I work with a team to put on an annual community event. We spend eleven months plotting many details to ensure the event’s success. We choose the date and venue. We set ticket prices. We select everything from food vendors to sound technicians. As the event approaches, we answer public questions and provide directions. Afterward we collect feedback. Some good. Some that is hard to hearand more details are available to the public, our team hears excitement from attendees and also fields complaints. The negative feedback complaints can be is discouraging and sometimes tempts us to give up.
Nehemiah had critics too as he led a team to rebuild the wall of Jerusalem. They actually mocked Nehemiah and those working alongside him saying, “Even a fox climbing up on it would break down [your] wall of stones” (Nehemiah 4:3). His response to the critics helps me handle my own: Instead of feeling dejected or trying to refute their comments, he turned to God for help. Instead of responding directly, he asked God to hear the way His people were being treated and to defend them (v. 4). After entrusting those concerns to God, he and his co-laborers continued to work steadily on the wall “with all their heart” (v. 6).
We can learn from Nehemiah not to be distracted by criticism of our work. When we’re criticized or mocked, instead of responding to our critics out of hurt or anger, we can prayerfully ask God to defend us from discouragement so we can continue with a whole heart.
Charles Lowery complained to his friend about lower back pain. He was seeking a sympathetic ear, but what he got was an honest assessment. His friend told him, “I don’t think your back pain is your problem; it’s your stomach. Your stomach is so big it’s pulling on your back.”
In his column for REV! Magazine, Charles shared that he resisted the temptation to be offended. He lost the weight and his back problem went away. Charles recognized that “Better is open rebuke than hidden love. Wounds from a friend can be trusted” (Prov. 27:5–6).
The trouble is that so often we would rather be ruined by praise than saved by criticism, for truth hurts. It bruises our ego, makes us uncomfortable, and calls for change.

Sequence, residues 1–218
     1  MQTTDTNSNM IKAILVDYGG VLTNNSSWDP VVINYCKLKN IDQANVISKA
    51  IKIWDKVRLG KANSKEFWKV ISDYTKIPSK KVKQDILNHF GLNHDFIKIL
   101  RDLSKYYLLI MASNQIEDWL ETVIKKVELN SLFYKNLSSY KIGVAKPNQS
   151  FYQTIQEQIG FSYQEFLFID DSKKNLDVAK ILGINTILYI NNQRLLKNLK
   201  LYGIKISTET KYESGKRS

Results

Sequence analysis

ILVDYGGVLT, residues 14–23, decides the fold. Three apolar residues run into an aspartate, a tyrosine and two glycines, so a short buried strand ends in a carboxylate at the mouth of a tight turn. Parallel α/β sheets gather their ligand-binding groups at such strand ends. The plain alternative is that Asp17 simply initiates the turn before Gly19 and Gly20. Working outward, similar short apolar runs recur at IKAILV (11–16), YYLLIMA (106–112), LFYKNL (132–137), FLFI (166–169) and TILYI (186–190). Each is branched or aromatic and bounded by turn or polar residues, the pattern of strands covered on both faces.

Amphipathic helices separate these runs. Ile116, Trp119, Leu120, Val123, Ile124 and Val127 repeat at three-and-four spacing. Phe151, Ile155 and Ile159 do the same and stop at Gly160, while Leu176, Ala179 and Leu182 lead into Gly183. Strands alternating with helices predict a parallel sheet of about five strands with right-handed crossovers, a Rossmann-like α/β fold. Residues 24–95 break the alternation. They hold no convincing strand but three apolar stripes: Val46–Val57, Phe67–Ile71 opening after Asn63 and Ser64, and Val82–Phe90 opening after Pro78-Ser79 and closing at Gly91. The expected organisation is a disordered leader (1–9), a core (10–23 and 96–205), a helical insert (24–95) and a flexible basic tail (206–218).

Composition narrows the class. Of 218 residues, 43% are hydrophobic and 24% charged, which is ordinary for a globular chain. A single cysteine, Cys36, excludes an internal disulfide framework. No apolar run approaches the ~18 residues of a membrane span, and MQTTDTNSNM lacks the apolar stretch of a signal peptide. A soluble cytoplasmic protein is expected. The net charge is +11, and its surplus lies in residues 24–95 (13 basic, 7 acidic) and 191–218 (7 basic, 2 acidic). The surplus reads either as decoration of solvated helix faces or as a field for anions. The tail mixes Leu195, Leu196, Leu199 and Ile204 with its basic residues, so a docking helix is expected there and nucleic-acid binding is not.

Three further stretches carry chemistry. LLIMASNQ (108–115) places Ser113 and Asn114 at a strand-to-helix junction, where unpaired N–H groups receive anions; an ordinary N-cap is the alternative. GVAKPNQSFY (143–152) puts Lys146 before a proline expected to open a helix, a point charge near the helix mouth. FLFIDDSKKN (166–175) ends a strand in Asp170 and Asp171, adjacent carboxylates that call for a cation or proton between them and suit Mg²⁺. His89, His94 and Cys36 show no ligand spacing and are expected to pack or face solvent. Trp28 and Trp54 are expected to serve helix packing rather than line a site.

True friends don’t find pleasure in hurting us. Rather, they love us too much to deceive us. They are people who, with loving courage, point out what we may already know but find hard to truly accept and live by. They tell us not only what we like to hear but also what we need to hear.
Solomon honored such friendship with proverbs. Jesus went further—He endured the wounds of our rejection not only to tell us the truth about ourselves but to show us how much we are loved.
Where I come from in northern Ghana, bush fires are regular occurrences in the dry season between December and March. I’ve witnessed many acres of farmland set ablaze when the winds carried tiny embers from fireplaces or from cigarette butts carelessly thrown by the roadside. With the dry grassland vegetation, all that is needed to start a devastating fire is a little spark.
That is how James describes the tongue, calling it “a world of evil among the parts of the body. It corrupts the whole body, sets the whole course of one’s life on fire, and is itself set on fire by hell” (James 3:6 niv). A false statement made here or backbiting there, a vicious remark somewhere else, and relationships are destroyed. “The words of the reckless pierce like swords,” says Proverbs 12:18, “but the tongue of the wise brings healing” (niv). Just as fire has both destructive and useful elements, so “death and life are in the power of the tongue” (18:21).
For conversation that reflects God’s presence in us and pleases Him, let it “always be with grace” (Col. 4:6). When expressing our opinions during disagreements, let’s ask God to help us choose wholesome language that brings honor to Him.
On July 28, 1914, Austria-Hungary declared war on Serbia in response to the assassination of Archduke Francis Ferdinand and his wife, Sophie. Within 90 days, other European countries had taken sides to honor their military alliances and pursue their own ambitions. A single event escalated into World War I, one of the most destructive military conflicts of modern time.
My husband and I had recently moved into our house when a man dropped off a large box of strawberries on our front sidewalk. He left a note saying he wanted us to share them with our neighbors. He meant well, but some children discovered the box before any adults did and had a strawberry-throwing party at our white house. When we returned home, we saw children we knew watching us from behind a fence. They had “returned to the scene of the crime” to see how we would react to the mess. We could have just cleaned it up ourselves, but to restore our relationship, we felt it was important to talk with them and require their help in cleaning our strawberry-stained house.
King David was up against a familiar foe. Years before as a young shepherd boy, he had faced down Goliath, the top Philistine warrior, by killing him with a well-placed stone (1 Sam. 17). Now David was king of Israel, and here come the Philistines again! They heard he was king, and they decided to attack (2 Sam. 5:17).
When a wildfire raged through the beautiful canyons near Colorado Springs, Colorado, it destroyed the habitat of all kinds of wildlife and hundreds of homes. People across the nation cried out to God, pleading with Him to send rain to douse the flames, put an end to the destruction, and give firefighters relief. Some people’s prayers had an interesting condition attached to them. They asked God to show mercy and send rain without lightning, which they feared would start even more fires.